It is partly because, as a nation, we seem collectively unable to accept that we are simply one of many medium sized countries, although admittedly, still an influential one.  Possession of Trident, despite the American stranglehold on it, fosters the illusion that we have an independent nuclear deterrent, and remain, therefore, a global power.

This is plainly untrue.  In Iraq, the Americans had to bail out the UK forces in Basra.  We just do not have the military muscle which we imagine.  Small scale operations like Kosovo and Sierra Leone are one thing;  but the likes of Afghanistan – where the Americans and Soviets were beaten back – reveal our military limitations.

The best offer proponents of Trident can give is that it gives us a place at the high table of global power.  In truth, we are seen as a small extension of American power rather than as an independent entity.  I believe that non-nuclear German and Japan exercise more influence on the world stage than we do.  Although it is fifty-six years since Harold McMillan made his “wind of change” speech, his perception is still to be fully appreciated within the British Establishment.

None of this is to suggest that British governments should not look to the security of the nation.  That is a prime responsibility of government, although in the best of all possible worlds, peace would reign eternal.  We have not reached that Utopia yet.  As a result, Trident has to be judged on its own narrow merits.  Is it the right military solution?  Is it economically sound?  But because of its terrifying potential as a weapon, there is a special ethical dimension.

The spurious reason given for the catastrophic invasion of Iraq was its alleged (and fallacious) possession of weapons of mass destruction.  Yet here we have Trident aimed at taking out – i.e. obliterating – entire cities and their human populations. What makes that ethically acceptable, whilst Saddam’s imputed possession of WMD was not?  Why is it acceptable for Israel to possess such weapons, whilst Iran must not have them?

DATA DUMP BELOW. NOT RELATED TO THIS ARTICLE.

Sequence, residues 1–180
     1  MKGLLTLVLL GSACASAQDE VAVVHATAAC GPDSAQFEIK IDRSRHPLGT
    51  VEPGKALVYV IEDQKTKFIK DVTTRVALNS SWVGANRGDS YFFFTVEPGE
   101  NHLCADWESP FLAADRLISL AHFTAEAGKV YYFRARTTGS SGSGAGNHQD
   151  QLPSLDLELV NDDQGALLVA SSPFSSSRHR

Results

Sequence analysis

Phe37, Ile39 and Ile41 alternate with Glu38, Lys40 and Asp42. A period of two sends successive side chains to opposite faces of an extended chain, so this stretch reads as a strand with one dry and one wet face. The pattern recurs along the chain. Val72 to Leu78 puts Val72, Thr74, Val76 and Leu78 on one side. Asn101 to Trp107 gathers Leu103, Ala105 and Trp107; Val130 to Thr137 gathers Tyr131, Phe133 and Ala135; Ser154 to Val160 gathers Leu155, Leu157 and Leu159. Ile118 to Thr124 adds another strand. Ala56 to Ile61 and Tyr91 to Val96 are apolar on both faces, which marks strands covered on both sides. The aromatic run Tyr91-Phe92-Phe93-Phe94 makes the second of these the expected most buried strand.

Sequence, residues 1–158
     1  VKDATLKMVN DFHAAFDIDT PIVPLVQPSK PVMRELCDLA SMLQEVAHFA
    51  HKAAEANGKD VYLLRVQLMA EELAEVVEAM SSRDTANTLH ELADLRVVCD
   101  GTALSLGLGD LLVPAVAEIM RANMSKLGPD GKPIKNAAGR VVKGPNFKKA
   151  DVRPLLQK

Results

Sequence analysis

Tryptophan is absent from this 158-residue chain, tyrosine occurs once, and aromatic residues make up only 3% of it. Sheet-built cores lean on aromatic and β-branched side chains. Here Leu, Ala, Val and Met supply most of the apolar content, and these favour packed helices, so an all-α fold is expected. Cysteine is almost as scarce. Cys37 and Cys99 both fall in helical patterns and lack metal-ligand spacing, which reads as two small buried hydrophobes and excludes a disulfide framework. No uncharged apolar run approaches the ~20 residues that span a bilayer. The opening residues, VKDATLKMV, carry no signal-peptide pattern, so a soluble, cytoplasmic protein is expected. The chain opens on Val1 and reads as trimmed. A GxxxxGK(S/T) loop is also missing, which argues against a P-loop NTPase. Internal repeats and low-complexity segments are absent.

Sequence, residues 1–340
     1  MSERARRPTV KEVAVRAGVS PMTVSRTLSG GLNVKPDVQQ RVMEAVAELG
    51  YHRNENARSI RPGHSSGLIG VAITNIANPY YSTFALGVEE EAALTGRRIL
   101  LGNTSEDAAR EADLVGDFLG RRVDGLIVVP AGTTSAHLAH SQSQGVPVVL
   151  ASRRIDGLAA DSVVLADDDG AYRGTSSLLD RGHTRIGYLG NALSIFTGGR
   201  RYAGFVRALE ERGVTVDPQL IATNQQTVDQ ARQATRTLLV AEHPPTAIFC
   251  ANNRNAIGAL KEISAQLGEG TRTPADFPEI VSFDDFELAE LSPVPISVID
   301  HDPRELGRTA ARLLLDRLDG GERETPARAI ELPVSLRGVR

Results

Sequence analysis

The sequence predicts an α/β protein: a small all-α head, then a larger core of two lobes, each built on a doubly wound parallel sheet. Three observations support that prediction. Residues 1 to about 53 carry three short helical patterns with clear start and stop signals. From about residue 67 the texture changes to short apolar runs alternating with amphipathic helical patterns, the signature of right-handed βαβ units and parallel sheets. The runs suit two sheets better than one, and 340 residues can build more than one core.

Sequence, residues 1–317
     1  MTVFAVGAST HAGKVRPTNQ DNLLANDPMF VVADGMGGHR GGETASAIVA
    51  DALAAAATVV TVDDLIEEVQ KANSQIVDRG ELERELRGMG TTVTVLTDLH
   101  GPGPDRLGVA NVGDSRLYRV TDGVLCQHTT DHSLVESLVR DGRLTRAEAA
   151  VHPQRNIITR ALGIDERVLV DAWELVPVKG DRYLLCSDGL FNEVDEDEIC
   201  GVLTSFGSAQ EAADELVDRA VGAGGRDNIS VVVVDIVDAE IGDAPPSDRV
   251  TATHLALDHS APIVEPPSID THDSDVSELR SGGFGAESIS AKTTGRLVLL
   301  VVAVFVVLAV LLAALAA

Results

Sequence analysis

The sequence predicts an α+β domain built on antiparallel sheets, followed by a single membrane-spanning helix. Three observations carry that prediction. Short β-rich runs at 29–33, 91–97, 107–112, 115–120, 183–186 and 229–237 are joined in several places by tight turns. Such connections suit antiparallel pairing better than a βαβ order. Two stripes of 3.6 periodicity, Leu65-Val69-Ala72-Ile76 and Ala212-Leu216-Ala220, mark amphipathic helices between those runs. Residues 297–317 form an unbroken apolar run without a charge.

We are now in a ‘Dr. Strangelove’ world where logic goes out of the window.  I recall my first tour of the nuclear bunker below the Ministry of Defence.  The general guiding me told me the bunker could withstand a direct thermonuclear blast.  I remarked that I would sooner be up above with my family in such circumstances.  He was staggered –

“But, Minister, you must be down here.  Someone has to give the orders.”

The stated objective of Trident is to deter attack, by keeping the enemy guessing:  will Britain use its nuclear weapons?  In short, it creates and maintains a climate of fear.  I have had that all of my life, and want no more of it.  As Franklin D. Roosevelt once famously remarked:

“The only thing we have to fear is fear itself.”

Scrap Trident, and that fear of nuclear Armageddon goes with it.